How could he make such a decision in the face of so many unfavorable circumstances? The answer is simple: it was because my father read the Book of Mormon. When he read it, he came to know of the truthfulness of the message of the Restoration. The Book of Mormon is a proof that The Church of Jesus Christ of Latter-day Saints is true. Preach My Gospel teaches that “the Book of Mormon, combined with the Spirit, is [the] most powerful resource in conversion” ([2004], 104).

President Gordon B. Hinckley declared: “Those who have read [the Book of Mormon] prayerfully, be they rich or poor, learned or unlearned, have grown under its power. …

“… Without reservation I promise you that if you will prayerfully read the Book of Mormon, regardless of how many times you previously have read it, there will come into your hearts … the Spirit of the Lord. There will come a strengthened resolution to walk in obedience to his commandments, and there will come a stronger testimony of the living reality of the Son of God” (“The Power of the Book of Mormon,” Ensign, June 1988, 6; see also “The Book of Mormon,” Tambuli, Oct. 1988, 7).

These promises came true for my father and for my family. In accordance with what we have been taught, we read the scriptures as a family every day. We have done so for many years. We have read the Book of Mormon several times in our home, and we will continue to do so. As promised, the Spirit of the Lord has come into the heart of our family, and we have felt a strengthened resolution to walk in obedience to His commandments and a stronger testimony of the living reality of the Son of God.

When you know that the Book of Mormon is true, you know that Joseph Smith was called by God to restore the Church of Jesus Christ to the earth. You know that Joseph Smith saw the Father and the Son. You know that there is only one faith and one valid baptism. You know that a prophet of God lives on the earth today and that he has all the keys of the priesthood and the right to exercise them, as Peter did anciently. You know that Jesus Christ is the Son of God, the only name whereby you can receive salvation. You know that God the Father lives and that He loves us. You know that His plan of salvation is perfect, and you have the desire to perform ordinances, live the commandments, and endure to the end.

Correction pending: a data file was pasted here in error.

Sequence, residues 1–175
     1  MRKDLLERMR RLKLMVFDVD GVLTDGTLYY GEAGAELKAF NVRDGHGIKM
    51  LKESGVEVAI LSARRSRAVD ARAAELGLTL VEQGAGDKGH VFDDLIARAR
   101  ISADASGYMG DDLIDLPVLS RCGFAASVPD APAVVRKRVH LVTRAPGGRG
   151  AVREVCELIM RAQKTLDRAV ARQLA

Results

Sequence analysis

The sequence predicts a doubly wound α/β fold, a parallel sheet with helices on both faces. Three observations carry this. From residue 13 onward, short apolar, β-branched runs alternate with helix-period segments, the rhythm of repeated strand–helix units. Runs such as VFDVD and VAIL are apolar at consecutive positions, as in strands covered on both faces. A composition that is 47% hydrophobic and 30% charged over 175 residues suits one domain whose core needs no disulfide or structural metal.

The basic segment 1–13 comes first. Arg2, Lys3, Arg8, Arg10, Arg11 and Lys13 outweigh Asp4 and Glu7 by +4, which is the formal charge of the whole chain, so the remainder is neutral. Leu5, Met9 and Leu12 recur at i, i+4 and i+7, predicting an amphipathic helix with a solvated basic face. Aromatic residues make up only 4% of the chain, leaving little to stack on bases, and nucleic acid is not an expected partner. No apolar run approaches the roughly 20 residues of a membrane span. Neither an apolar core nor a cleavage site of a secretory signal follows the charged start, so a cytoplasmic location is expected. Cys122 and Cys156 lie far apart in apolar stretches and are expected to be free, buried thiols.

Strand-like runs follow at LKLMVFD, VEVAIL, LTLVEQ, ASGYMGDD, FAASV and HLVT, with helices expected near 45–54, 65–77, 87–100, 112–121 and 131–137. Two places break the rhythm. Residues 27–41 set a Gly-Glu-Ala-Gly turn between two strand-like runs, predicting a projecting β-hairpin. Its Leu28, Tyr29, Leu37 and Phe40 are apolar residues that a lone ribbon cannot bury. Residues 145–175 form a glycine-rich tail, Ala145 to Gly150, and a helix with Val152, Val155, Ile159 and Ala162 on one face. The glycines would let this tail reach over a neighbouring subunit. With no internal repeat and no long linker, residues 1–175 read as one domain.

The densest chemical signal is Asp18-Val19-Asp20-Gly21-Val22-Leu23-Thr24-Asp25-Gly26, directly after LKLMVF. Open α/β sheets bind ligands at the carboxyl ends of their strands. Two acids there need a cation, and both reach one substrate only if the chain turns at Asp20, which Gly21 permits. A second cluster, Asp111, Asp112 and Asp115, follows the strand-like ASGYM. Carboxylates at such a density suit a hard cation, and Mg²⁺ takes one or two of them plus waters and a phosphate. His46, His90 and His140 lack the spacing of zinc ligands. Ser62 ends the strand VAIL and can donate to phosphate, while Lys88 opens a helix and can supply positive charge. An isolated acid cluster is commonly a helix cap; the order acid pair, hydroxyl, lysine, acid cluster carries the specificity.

I feel sad when someone who has been given the Book of Mormon and had these things explained to him still refuses to read it. I feel sad that some people allow themselves to be influenced by others, refuse to investigate the book, and set it aside as something without worth, never participating in the spiritual banquet it offers. To me, this is incomprehensible. It is as if a son or a daughter, separated from a loving father, refused to read a letter from him without even opening the envelope. Those who make such a choice are like spoiled children who refuse to even taste the meal tenderly prepared for them by their loving mother.

God reveals His truth when people follow Moroni’s exhortation in Moroni 10:3–5. Preach My Gospel summarizes Moroni’s instructions as follows:

One, “read the Book of Mormon and ponder its message concerning Jesus Christ.”
Two, “pray to God with faith in Jesus Christ to receive a testimony that the Book of Mormon is true and that Joseph Smith is the prophet of the Restoration.”
Three, “pray sincerely and have real intent, which means that they intend to act on the answer they receive from God” (111).

To those who may argue that we cannot know these things, I testify that we can, when we are humble enough to do as God has instructed us through His prophets on this earth. To believe otherwise would be to accept the absurd notion that God also does not know where truth can be found or does not have the power to show it to us. Just because someone has not acted on the promise of this book does not mean that others have not done so.

Why do I love and honor the name of my father? Because my father read and acted on the promise of the Book of Mormon. Why do I love and honor the name of my father? Because he did not recoil from the answer he received, even while facing great challenges. Why do I love and honor the name of my father? Because he blessed my life, even before I was born, by having the courage to do what God expected him to do.

I invite all who hear me today to read the Book of Mormon and to apply the promise it contains. Those who do will know that the book is true.

I bear my testimony that the Book of Mormon is the word of God. Because of this, I know that Joseph Smith is a prophet of God. I know that he did not write the Book of Mormon but translated it by the power of God. I know that Thomas S. Monson is a prophet of God on the earth today, the only man on the earth who holds all the keys of the priesthood and has the right to exercise them. I know that Jesus Christ is our Savior and that He lives. I know that God lives and loves us. In the name of Jesus Christ, amen.